Creating the story and campaign for a new fragrance is never easy. Having helped create a few of them myself in the past I know this all too well. When they succeed they do so because of clarity of thought and of message and because they tap into the current zeitgeist. So how well the new Versace fragrance Dylan Blue campaign will fare remains to be seen because messages there are aplenty. And none of them are all that great.
Looking at the campaign as a whole (one lovingly shot by Bruce Weber, in a masturbatory style that’s steadfastly Nineties) it’s a bag of contradictions: on one hand we have the ‘modernity’ of a same-sex kiss (the inclusion of which we’re either supposed to shocked by or grateful for, I’m not sure which) and on the other some woefully archaic views about women (“As dad always used to say… you can’t live with women and you can’t live without them”). There are a couple of corkers about men too, including the cringeworthy “I learned at a young age not to show any weakness”. The video meanwhile lacks but one thing: the kitchen sink. It’s hetero yet homo; violent yet tender; old-fashioned yet throughly modern. It has girls, it has boys. It has boxers, it has bikes. It has… oh well, you get the picture.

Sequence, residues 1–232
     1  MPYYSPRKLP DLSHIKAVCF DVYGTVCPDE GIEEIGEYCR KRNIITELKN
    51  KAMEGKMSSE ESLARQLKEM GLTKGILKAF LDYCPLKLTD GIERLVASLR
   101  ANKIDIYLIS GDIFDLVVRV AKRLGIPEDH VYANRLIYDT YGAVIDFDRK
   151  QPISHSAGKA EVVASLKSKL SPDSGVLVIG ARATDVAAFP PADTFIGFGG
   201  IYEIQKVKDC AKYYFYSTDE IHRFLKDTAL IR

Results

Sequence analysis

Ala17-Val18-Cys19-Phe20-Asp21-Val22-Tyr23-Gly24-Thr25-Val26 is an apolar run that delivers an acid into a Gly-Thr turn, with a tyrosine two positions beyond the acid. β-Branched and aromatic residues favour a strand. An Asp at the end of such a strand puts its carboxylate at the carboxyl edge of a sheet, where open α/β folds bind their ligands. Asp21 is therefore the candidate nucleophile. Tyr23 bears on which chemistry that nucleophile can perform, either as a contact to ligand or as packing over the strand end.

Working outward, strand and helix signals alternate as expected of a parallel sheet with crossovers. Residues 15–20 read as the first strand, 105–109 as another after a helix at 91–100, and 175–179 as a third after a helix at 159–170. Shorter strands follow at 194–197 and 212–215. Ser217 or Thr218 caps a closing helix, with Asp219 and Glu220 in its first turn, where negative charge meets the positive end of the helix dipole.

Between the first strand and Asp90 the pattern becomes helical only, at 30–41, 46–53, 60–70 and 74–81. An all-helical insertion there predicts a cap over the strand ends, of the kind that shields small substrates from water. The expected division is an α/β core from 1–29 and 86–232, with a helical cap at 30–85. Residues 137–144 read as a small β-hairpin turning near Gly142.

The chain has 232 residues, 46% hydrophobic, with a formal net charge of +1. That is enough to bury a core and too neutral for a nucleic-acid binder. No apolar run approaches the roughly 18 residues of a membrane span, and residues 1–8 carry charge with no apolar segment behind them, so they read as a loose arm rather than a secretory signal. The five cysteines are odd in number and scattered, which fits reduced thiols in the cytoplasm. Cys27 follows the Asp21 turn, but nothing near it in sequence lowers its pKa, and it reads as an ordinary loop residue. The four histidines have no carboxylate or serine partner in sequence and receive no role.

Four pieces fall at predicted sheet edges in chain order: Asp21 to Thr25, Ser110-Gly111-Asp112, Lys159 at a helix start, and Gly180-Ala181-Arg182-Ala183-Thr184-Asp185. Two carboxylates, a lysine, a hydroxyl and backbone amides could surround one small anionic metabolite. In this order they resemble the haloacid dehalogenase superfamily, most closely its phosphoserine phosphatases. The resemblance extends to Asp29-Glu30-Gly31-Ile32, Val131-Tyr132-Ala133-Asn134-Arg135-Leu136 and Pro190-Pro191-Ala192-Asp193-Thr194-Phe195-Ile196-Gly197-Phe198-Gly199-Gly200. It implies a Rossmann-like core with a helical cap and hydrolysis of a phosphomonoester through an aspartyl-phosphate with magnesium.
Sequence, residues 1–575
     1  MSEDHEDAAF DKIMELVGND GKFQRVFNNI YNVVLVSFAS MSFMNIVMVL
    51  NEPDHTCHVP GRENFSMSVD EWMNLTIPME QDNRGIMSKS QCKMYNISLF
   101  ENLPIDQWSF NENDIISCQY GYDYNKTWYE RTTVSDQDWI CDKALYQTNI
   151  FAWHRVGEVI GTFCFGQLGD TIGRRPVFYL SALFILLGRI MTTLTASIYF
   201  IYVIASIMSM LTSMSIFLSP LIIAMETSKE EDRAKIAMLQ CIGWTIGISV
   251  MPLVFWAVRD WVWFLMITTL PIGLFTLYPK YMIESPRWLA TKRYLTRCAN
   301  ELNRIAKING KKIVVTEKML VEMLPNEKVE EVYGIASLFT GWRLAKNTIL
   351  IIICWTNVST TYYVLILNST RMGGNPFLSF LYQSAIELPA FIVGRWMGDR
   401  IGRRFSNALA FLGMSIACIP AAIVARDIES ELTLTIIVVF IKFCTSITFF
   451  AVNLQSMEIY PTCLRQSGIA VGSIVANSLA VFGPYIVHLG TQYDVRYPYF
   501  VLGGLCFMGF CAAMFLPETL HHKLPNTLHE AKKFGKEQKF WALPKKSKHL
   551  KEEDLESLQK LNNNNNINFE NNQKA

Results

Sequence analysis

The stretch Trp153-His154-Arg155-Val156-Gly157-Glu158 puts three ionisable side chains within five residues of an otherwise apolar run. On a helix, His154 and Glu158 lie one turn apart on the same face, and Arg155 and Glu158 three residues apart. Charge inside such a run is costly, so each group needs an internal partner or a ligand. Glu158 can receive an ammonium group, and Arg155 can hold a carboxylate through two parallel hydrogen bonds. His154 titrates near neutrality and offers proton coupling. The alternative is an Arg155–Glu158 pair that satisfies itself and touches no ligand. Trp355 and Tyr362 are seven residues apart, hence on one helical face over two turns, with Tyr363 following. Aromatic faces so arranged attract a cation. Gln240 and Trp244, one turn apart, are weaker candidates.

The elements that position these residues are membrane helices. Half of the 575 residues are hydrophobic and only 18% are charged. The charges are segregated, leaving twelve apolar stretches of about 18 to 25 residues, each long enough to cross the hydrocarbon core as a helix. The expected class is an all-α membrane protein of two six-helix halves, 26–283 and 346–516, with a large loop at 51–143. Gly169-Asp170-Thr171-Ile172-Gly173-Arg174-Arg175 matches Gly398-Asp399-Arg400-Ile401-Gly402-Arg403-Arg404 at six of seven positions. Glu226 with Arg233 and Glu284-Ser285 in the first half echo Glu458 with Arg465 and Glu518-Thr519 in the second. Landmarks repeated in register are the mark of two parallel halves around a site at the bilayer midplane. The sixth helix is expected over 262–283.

Personally, I find much of this mind-numbingly naff and I’m at a loss as to why a campaign for a fragrance ever needs to show a woman kicking a man down a flight of stairs or feels the need to use the words “she doesn’t seem to know I exist except when she’s kicking me in the head”. But just in case this woman – called Gigi – has men quaking in their boots/slingbacks the campaign takes pains to reassure them she has her limitations. “She can out kick-box any of the smaller guys,” says the blurb (the bigger ones clearly being too much of a challenge of her). Billie Jean King would not be pleased.
To me, the apparent “kiss and make up” theme of the campaign also has uncomfortable associations with the destructive hit me/kiss me cycle in much domestic violence (the boxer kisses his opponent before delivering a knock out blow and Gigi can kiss as good as she can kick). Am I’m being over sensitive? A bit too PC for my own good? Perhaps, but following on the heels of the appalling marketing of Azzaro Wanted I’m seriously beginning to wonder where fragrance advertising is heading right now. “Dylan Blue is the essence of the Versace Man today,” says Donatella Versace. Well, if that’s the man of today I’m truly fearful about what the one tomorrow will look like if he buys into this particular kind of advertising.